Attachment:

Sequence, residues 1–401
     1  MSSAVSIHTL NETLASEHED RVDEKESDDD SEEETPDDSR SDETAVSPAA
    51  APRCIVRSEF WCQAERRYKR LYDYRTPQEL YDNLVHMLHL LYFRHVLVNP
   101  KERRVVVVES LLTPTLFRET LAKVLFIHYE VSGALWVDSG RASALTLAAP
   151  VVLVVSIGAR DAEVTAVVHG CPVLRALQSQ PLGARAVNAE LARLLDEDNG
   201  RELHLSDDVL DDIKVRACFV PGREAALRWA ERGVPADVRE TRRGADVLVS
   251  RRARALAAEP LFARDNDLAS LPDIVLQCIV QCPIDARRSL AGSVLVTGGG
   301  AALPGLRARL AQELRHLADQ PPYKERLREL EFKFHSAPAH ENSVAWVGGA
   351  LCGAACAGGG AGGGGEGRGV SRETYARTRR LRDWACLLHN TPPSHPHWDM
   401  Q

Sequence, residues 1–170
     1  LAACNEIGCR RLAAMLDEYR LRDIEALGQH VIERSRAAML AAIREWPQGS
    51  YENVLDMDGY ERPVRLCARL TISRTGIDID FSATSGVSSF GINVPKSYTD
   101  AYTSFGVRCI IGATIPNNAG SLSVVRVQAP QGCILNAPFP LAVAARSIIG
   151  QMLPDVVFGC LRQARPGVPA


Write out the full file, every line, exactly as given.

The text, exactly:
Sequence, residues 1–401
     1  MSSAVSIHTL NETLASEHED RVDEKESDDD SEEETPDDSR SDETAVSPAA
    51  APRCIVRSEF WCQAERRYKR LYDYRTPQEL YDNLVHMLHL LYFRHVLVNP
   101  KERRVVVVES LLTPTLFRET LAKVLFIHYE VSGALWVDSG RASALTLAAP
   151  VVLVVSIGAR DAEVTAVVHG CPVLRALQSQ PLGARAVNAE LARLLDEDNG
   201  RELHLSDDVL DDIKVRACFV PGREAALRWA ERGVPADVRE TRRGADVLVS
   251  RRARALAAEP LFARDNDLAS LPDIVLQCIV QCPIDARRSL AGSVLVTGGG
   301  AALPGLRARL AQELRHLADQ PPYKERLREL EFKFHSAPAH ENSVAWVGGA
   351  LCGAACAGGG AGGGGEGRGV SRETYARTRR LRDWACLLHN TPPSHPHWDM
   401  Q

Sequence, residues 1–170
     1  LAACNEIGCR RLAAMLDEYR LRDIEALGQH VIERSRAAML AAIREWPQGS
    51  YENVLDMDGY ERPVRLCARL TISRTGIDID FSATSGVSSF GINVPKSYTD
   101  AYTSFGVRCI IGATIPNNAG SLSVVRVQAP QGCILNAPFP LAVAARSIIG
   151  QMLPDVVFGC LRQARPGVPA